Monday, August 6, 2007

Help for Brain Injury Victims

This handsome DJ is my brother Casey Leonard. On Memorial Day weekend he was involved in a tragic ATV accident and suffered severe brain trauma. I am happy to report that Casey is working his way back to us one day at a time. Everyday my family rejoices that he is a living miracle, even his doctors say they've never seen a patient survive with injuries as serious as Casey's. He is still in the hospital but when the time is right he'll go to a rehabilitation center where he will stay until he is well enough to go home.

My family is experiencing first hand the arduous journey a brain injury victim must walk. A few nights after his accident Casey's mother whispered to him that if the pain was too bad and the road ahead too hard she would do her best to let him go. "If you want to go to God, I'll understand, " she told me she whispered in his ear. Casey decided to fight and we are fighting with him.

There are so many families dealing with the same situation. We are not alone. Wives and parents are welcoming loved ones home from Iraq that have suffered a brain injury due to IED's and other bombings. They face months of recovery and an even longer adjustment to the reality of living with and within a battered mind.

A battalion was created this summer, at Camp LeJune, North Carolina to give the soldiers a place of support and marine camaraderie. It's called the Wounded Warrior Battalion. To read more about this inspirational place go to http://sempermax.com/index.html.

We are finding out with my brother that victims of TBI need constant support and stimulation. They must relearn many of the activities we take for granted. Talking, eating, walking, grasping...things we do almost involuntarily, must be taught as if the adult victim were a young toddler. Connections in the brain must be hopefully rewired by playing memory games, coloring pictures, doing crafts, and simple tasks that link motor skills and thought.

It's an exhausting act of love to be a victim's source of support. If you'd like to help families like mine in some small but tangible way, I located http://www.doonenicething.com/index.php. Do One Nice Thing has a program listed under IDEAS labeled "We can help people with brain injuries". Here is what they suggest:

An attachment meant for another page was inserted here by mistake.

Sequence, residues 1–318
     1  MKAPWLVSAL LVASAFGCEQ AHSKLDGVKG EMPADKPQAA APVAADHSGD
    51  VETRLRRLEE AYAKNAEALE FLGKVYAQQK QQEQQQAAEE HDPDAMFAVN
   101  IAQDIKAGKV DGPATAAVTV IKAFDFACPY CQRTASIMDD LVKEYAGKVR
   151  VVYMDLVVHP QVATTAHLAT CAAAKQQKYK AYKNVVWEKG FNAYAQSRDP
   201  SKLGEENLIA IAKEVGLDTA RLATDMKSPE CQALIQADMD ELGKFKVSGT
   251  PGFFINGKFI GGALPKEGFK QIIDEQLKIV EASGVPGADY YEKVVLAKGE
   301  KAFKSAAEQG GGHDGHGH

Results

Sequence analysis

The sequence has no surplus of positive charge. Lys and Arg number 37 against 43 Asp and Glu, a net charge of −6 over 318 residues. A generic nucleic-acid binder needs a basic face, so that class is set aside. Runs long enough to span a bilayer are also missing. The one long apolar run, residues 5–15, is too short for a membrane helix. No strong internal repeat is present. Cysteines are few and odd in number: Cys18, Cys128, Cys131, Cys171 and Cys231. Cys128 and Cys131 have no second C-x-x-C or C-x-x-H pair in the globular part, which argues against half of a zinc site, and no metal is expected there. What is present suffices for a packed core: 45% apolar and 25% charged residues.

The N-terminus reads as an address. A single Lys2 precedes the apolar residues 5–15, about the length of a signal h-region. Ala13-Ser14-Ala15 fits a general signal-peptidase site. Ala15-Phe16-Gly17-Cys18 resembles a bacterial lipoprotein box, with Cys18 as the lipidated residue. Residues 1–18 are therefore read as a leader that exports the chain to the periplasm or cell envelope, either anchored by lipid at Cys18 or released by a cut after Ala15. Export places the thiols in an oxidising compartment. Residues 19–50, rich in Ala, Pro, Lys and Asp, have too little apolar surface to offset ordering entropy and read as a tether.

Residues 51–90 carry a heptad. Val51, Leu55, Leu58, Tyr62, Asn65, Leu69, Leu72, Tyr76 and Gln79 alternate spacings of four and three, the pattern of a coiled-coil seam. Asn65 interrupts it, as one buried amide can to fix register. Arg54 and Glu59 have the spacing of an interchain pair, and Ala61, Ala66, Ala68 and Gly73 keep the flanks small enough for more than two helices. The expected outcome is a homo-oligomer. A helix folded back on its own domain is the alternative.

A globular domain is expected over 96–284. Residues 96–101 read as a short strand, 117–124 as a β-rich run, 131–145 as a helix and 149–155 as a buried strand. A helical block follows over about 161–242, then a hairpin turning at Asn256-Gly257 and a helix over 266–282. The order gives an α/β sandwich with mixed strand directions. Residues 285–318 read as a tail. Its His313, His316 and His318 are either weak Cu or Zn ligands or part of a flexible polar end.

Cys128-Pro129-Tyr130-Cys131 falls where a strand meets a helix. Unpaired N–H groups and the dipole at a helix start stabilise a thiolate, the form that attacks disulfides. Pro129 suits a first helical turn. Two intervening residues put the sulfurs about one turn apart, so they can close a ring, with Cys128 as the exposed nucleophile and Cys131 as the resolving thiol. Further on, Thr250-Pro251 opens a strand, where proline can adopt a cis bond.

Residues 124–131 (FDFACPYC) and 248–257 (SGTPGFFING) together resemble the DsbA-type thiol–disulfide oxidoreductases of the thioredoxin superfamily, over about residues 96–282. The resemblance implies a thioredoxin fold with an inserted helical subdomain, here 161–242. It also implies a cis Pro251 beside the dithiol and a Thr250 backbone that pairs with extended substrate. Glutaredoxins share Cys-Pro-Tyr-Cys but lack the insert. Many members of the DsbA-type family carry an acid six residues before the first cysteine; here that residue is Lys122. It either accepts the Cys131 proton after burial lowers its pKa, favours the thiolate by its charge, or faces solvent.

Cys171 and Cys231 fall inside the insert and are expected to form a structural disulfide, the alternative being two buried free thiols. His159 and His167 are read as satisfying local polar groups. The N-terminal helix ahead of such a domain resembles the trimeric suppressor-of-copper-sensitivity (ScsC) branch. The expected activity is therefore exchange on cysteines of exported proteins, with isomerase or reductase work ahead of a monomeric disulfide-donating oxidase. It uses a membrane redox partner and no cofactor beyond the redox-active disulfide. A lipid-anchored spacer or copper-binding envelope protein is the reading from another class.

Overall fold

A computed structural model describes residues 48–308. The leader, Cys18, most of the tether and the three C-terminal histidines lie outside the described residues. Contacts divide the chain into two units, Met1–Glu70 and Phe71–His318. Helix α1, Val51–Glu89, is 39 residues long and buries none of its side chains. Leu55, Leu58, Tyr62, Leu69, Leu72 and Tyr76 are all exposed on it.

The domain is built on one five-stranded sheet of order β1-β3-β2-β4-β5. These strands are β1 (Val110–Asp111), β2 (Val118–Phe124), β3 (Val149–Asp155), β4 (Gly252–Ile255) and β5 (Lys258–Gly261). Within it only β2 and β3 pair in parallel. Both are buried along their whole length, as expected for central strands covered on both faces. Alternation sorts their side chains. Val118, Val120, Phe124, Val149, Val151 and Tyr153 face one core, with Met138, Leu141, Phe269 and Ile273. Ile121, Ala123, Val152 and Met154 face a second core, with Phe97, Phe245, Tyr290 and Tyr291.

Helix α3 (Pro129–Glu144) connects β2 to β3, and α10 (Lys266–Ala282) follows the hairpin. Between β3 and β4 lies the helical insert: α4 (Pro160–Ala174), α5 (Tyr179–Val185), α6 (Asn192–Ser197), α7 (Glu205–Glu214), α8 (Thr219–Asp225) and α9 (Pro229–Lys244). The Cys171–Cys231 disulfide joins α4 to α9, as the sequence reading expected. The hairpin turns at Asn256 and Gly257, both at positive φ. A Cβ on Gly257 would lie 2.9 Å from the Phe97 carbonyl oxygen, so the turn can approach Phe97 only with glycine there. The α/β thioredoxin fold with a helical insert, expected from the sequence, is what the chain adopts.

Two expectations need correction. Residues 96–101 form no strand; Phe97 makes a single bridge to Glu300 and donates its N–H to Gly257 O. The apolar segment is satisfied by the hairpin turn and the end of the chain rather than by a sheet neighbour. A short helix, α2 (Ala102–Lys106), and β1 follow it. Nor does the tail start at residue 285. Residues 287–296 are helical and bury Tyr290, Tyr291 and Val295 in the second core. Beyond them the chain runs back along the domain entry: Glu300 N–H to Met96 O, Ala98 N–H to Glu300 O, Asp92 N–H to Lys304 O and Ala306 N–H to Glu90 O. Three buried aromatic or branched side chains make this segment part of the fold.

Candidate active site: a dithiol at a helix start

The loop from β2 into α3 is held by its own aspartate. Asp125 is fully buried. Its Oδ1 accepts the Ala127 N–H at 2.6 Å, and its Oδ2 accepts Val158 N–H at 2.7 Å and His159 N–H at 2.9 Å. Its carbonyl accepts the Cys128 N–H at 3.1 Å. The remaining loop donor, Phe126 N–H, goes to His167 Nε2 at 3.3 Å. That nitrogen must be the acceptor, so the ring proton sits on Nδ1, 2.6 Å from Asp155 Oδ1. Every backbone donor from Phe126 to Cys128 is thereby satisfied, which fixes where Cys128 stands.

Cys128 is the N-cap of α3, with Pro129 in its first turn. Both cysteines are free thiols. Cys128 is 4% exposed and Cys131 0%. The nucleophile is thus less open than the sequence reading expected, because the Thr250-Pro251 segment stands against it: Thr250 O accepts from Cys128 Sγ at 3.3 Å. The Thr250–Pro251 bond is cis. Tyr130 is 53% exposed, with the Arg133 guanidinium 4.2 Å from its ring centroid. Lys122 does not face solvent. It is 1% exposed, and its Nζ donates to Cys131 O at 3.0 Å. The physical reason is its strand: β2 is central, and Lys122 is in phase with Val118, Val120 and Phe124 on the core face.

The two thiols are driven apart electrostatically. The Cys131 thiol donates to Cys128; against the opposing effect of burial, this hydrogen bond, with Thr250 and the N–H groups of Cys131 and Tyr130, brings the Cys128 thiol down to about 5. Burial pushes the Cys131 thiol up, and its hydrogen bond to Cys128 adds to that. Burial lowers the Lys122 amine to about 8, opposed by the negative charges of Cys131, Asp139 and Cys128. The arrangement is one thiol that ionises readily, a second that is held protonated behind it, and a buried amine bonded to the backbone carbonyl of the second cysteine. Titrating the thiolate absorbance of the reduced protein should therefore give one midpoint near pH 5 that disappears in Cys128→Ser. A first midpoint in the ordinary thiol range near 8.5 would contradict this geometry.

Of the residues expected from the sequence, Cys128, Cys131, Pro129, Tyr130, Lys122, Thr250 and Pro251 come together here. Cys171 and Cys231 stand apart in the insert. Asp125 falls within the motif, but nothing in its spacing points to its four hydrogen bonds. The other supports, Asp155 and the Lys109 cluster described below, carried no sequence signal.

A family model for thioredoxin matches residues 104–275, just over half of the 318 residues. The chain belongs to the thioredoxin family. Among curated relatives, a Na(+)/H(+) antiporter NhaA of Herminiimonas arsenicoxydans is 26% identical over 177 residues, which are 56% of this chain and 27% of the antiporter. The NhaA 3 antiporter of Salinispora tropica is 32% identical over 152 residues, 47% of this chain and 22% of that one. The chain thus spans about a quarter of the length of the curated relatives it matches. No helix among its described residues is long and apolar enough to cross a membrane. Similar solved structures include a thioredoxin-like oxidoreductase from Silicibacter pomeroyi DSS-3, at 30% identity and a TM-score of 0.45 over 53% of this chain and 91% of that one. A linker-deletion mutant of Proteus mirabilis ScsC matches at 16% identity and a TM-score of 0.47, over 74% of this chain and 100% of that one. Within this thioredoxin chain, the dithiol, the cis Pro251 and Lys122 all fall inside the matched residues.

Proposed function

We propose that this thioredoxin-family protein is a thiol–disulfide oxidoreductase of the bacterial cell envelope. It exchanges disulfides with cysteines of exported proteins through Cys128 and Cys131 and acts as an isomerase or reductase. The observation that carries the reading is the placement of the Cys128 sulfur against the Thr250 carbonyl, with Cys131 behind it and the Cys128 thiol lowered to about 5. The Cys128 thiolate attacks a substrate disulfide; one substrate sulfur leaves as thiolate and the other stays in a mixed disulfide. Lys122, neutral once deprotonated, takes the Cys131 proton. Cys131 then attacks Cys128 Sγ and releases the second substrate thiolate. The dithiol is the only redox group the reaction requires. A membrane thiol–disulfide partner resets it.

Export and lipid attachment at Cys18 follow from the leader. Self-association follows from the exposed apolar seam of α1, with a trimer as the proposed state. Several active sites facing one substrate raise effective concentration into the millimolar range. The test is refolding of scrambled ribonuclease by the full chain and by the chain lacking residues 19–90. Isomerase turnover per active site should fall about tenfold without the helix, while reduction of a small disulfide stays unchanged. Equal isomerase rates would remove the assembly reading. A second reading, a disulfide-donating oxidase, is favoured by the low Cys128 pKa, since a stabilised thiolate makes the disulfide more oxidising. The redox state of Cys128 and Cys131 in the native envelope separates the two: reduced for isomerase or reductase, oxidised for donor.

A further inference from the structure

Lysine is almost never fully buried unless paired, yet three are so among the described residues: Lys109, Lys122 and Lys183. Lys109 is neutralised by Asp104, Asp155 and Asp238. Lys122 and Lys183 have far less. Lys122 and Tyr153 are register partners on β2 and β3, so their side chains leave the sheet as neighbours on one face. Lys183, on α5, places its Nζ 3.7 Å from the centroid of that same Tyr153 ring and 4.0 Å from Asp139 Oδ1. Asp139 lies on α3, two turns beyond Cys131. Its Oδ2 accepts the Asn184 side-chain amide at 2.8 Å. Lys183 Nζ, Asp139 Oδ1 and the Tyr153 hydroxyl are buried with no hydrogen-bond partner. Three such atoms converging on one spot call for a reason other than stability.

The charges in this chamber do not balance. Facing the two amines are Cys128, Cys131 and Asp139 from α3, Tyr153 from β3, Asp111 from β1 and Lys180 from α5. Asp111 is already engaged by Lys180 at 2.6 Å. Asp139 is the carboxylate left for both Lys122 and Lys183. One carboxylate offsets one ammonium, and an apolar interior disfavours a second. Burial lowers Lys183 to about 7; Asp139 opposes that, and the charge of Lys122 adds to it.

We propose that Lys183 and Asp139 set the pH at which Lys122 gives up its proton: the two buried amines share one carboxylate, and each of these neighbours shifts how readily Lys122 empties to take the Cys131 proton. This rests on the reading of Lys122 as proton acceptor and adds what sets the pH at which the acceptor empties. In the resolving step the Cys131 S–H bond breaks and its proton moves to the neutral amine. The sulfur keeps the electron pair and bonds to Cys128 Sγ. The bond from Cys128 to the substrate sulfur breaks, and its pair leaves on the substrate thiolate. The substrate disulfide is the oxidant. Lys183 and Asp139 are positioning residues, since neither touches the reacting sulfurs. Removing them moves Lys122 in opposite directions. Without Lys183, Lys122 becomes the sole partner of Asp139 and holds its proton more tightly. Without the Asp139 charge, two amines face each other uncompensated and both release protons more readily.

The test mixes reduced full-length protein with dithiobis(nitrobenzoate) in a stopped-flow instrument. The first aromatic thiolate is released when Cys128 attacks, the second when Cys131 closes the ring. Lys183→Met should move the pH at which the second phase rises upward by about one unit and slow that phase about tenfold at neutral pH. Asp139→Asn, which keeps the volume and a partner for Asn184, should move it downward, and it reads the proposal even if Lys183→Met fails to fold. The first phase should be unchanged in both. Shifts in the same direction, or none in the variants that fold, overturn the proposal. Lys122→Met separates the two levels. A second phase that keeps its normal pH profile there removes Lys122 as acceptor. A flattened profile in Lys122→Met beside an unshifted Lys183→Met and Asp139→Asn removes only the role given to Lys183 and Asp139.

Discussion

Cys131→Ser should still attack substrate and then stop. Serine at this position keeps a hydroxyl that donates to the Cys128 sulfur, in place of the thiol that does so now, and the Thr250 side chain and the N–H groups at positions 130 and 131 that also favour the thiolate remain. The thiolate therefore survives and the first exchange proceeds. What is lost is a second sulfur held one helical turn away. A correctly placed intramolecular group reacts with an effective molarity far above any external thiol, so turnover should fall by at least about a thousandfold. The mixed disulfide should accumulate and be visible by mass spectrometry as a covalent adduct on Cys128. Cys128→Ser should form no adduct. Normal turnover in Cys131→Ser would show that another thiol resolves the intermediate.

One of the most outstanding Brain Rehabilitation centers is at the Mayo Clinic, http://www.mayoclinic.orb/, in Rochester, MN. Games and crafts, below, help patients undergoing recreational therapy.
Please send any of the following:

decks of playing cards
wood kits
watercolor paint sets
package of colored pencils
a sketch bookstamp pads/rubber stamps
100-300 piece jigsaw puzzles
games: Scrabble, Trouble, Uno, Scattergories (new or gently used)

How about including a card of encouragement? "We're with you." "You can do it!" "Sending you love." It's a good project to do with children.

Mail to: Dr. Tom Bergquist, Inpatient Rehab Unit, 3 MB, St. Mary's Hospital, Mayo Clinic, Rochester, MN 55905.

On behalf of my family and Casey (I know he would thank you if he could) thank you in advance for anything you do to make the day of a brain injury patient orpgaofcp he/her family a little brighter.

7 comments:

Drake said...

Reading that simple quote from your mom made my eyes tear up - and I don't even know you. It shows what a strong person your mom must be.

God Bless

Lisa McGlaun said...

Thank you Drake,
You thoughts mean alot. Casey will recover and we will still love him (in whatever state he comes back to us). It's a hard thing to see and to know that the will never be the same.

All the best,
Lisa

NeoAuteur said...

It's great that he is OK. My prayers will be with him.

Shari Thomas said...

Lisa,

My best friend had a brain injury from the time she was fourteen, the result of a non-malignant tumor, and then a post surgery complication. That was in 1962.

She successfully attended and graduated from the local University, taking only 1 semester longer than the rest of us. Wait... I took an extra semester, too.

Some 40 years later, she and I began doing some independent therapy work, and she has been regaining the use of her left arm.

The message: Don't let the pro's tell you they've done everything they can do. With faith the impossible is only improbable.

God Bless,
Shari

Lisa McGlaun said...

Thank you for sharing your friend's story, Shari. I'll keep my focus on that as Casey recovers. I believe in miracles and the strength of the human spirit and so does he.

Thanks for reminding me of it.
Lisa

And thanks, neoauteur for your prayers...it's the greatest gift anyone can offer.

Alta said...

Our best to Casey. My family will keep your family in our prayers.

Lisa McGlaun said...

Thank you Alta,
I so appreciate the way everyone, in the community where Casey lives and others around the world,have offered their support in whatever way they can.

Prayer can move mountains, I believe that.

Have a great day, my friend.